Meanwhile, the University of Strathclyde intends to use enzymes to repair or improve cement barriers in wells that have already been abandoned. This so-called ‘biogrout’ technology – or microbially induced calcite precipitation (MICP), to give its full title – is currently being developed for use in other industries, and will now be assessed under typical downhole conditions. Being of very low viscosity (again similar to water) and nanoparticle-sized, it can also penetrate and seal the smallest of spaces in soil and rock formations.
Dr Gráinne El Mountassir, a lecturer at the Department of Civil & Environmental Engineering at the University of Strathclyde, commented: “At Strathclyde we are very excited about this new project. We have been working on the development of Biogrout as a technology for near-surface civil engineering applications over the last seven years, and now we are keen to apply our knowledge to the oil and gas environment.”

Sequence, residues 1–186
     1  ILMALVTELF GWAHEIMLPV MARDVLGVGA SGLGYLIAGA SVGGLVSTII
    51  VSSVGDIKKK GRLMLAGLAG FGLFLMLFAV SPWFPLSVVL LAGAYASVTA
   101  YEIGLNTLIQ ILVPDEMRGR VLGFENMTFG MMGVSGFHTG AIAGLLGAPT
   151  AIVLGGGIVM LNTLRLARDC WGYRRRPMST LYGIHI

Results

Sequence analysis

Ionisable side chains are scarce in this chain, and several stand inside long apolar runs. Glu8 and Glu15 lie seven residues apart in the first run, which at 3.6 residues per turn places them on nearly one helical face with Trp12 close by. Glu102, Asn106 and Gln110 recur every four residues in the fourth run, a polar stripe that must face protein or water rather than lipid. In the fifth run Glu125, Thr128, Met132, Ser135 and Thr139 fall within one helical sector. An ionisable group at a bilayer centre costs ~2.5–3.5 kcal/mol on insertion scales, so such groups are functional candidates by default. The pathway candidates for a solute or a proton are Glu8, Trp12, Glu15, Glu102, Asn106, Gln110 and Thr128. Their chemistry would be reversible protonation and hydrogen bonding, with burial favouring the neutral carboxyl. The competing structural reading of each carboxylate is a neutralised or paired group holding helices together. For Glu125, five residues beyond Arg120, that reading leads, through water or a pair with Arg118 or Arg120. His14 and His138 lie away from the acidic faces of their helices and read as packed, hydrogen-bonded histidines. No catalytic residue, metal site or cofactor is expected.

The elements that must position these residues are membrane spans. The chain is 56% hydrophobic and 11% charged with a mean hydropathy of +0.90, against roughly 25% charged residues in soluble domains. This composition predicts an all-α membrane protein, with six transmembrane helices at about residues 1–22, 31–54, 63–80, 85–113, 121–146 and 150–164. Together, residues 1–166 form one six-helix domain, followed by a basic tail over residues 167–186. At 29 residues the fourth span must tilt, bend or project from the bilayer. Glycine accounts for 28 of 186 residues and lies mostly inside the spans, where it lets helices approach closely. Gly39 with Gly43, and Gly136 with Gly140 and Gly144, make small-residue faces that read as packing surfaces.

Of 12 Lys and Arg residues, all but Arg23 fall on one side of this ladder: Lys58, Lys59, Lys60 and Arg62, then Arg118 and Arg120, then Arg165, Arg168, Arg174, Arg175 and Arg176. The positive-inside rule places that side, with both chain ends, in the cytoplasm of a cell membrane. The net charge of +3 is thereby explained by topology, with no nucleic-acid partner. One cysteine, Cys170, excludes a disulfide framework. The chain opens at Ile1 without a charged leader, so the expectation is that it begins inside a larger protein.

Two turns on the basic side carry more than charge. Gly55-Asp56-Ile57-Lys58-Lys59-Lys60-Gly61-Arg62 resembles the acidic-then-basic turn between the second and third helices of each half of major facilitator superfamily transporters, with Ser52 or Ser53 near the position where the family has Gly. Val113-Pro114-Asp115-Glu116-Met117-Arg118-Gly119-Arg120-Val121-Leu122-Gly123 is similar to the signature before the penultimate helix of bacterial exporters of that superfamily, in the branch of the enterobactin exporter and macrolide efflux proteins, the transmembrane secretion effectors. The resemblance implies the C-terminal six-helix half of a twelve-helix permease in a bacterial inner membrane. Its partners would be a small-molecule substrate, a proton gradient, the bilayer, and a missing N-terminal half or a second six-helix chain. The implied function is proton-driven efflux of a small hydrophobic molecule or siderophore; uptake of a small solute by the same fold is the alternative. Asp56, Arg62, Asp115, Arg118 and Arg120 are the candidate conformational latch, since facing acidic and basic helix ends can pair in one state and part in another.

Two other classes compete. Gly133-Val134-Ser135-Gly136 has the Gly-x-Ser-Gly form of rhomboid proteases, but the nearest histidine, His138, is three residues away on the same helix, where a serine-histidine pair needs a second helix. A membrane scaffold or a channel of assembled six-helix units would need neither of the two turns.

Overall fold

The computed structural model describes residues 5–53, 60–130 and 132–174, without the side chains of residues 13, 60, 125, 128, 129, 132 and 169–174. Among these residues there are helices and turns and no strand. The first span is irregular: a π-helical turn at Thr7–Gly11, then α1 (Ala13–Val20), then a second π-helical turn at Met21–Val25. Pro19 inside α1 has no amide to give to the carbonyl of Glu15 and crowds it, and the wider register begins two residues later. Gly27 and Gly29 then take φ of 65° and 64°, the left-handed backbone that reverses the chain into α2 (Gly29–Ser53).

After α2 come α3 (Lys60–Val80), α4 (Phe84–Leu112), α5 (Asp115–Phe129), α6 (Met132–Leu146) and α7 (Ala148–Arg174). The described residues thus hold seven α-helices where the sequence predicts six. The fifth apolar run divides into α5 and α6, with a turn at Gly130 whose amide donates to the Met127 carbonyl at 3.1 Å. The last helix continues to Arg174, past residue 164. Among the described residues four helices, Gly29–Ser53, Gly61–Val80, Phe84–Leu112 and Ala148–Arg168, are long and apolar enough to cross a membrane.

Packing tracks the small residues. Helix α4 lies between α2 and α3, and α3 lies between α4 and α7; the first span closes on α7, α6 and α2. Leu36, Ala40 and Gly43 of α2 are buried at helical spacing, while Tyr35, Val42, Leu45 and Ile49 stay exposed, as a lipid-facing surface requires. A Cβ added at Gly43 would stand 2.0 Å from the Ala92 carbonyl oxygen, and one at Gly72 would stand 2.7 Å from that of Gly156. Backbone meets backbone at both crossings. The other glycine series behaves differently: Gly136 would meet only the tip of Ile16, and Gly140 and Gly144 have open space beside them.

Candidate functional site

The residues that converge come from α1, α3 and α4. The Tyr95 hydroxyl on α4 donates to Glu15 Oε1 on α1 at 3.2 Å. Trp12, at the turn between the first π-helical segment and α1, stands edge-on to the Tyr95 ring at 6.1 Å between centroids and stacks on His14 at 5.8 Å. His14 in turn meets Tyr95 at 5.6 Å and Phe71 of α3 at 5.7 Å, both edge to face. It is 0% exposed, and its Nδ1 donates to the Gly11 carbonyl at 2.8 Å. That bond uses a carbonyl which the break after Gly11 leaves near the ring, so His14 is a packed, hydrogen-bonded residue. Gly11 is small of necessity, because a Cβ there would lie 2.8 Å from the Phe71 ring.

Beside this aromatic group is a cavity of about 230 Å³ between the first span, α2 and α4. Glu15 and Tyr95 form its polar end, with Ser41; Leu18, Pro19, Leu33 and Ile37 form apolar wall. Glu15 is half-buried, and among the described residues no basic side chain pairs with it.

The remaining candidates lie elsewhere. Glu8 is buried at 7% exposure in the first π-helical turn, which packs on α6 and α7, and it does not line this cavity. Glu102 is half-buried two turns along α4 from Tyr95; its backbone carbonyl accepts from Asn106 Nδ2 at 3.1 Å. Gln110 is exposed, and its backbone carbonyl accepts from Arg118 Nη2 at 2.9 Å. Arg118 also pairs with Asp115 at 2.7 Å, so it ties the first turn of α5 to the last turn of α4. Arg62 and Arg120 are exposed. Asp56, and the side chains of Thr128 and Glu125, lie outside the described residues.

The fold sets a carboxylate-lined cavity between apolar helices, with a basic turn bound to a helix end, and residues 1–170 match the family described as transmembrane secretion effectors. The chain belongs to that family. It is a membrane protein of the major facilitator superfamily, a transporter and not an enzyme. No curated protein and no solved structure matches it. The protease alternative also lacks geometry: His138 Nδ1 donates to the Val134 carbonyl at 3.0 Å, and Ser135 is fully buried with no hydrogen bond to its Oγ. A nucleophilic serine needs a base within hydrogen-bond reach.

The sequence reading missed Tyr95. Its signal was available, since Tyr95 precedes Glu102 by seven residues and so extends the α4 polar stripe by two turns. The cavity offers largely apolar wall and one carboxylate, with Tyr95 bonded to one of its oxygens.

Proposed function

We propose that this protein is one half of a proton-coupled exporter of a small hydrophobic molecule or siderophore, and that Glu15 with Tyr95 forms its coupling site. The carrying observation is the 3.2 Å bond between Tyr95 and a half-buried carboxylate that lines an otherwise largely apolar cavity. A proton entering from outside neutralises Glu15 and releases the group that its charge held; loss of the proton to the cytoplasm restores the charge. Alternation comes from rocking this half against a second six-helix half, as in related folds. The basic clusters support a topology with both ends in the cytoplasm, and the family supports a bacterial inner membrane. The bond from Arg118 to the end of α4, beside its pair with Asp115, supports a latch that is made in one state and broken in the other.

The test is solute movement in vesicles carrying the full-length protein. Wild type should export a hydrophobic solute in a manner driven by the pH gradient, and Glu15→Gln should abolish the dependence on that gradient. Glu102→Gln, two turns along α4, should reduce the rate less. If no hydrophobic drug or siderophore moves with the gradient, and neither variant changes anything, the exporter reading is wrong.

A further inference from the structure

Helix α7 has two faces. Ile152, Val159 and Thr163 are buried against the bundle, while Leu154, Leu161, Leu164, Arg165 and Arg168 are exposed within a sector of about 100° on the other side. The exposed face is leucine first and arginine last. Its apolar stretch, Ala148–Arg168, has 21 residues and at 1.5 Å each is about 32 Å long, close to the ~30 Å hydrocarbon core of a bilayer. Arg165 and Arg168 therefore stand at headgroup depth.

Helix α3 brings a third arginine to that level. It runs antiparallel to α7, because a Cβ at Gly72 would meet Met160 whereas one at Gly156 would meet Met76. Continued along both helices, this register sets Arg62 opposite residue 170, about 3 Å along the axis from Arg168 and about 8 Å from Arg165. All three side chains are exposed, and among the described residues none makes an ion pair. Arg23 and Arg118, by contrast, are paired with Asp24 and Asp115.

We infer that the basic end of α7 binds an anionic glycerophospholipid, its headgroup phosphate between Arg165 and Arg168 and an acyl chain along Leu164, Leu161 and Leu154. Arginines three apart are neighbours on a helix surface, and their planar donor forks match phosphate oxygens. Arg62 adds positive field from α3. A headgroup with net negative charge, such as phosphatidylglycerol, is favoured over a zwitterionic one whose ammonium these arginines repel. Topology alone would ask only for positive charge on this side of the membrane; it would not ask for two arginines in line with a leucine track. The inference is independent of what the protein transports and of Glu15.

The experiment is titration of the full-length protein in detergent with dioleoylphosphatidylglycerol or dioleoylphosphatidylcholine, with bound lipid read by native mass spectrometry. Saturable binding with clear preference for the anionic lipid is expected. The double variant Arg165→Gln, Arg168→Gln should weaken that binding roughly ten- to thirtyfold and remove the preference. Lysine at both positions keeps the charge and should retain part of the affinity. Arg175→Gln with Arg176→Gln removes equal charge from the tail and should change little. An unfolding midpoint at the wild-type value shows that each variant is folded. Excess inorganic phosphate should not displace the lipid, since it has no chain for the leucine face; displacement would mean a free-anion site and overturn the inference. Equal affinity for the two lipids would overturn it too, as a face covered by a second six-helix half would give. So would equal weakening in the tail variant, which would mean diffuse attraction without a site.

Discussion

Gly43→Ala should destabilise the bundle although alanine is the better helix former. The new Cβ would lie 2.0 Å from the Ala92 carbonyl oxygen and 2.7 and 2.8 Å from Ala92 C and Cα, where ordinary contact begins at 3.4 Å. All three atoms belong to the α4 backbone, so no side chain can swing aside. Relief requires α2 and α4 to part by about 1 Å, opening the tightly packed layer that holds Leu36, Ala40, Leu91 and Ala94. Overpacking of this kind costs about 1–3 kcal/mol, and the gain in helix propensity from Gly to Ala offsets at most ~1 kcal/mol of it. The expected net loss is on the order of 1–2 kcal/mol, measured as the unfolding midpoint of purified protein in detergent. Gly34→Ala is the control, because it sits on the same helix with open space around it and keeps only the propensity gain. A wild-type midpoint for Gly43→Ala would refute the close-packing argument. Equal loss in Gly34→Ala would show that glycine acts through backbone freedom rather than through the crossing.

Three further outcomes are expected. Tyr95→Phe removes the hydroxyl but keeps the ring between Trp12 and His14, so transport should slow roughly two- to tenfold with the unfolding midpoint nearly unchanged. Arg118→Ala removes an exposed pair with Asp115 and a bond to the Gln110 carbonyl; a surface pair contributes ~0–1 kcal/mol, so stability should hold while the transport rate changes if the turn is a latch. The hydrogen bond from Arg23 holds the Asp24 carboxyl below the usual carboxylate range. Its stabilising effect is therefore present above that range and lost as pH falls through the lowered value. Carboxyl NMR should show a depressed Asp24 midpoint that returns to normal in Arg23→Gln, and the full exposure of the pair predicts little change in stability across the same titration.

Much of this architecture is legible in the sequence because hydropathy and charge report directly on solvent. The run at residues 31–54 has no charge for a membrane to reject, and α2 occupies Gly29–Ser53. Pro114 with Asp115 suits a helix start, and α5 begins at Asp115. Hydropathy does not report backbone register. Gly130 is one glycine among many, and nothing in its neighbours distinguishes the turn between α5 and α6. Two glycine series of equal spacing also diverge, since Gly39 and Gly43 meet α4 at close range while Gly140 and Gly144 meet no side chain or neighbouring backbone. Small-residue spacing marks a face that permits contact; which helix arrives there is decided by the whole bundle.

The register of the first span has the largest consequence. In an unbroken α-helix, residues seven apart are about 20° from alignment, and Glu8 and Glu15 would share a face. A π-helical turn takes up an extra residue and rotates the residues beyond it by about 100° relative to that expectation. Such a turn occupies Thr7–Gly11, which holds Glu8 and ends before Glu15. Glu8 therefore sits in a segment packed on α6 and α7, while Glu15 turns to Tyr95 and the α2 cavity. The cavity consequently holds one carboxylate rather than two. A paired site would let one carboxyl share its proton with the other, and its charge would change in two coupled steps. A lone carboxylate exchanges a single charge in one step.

Heriot-Watt University is developing a modelling framework for well isolation design that would help evaluate and manage risk, increase efficiency and enhance decision-making. This could deliver cost and time savings through reduced scope, remediation and deployment of new technology, such as through-tubing and rigless abandonment.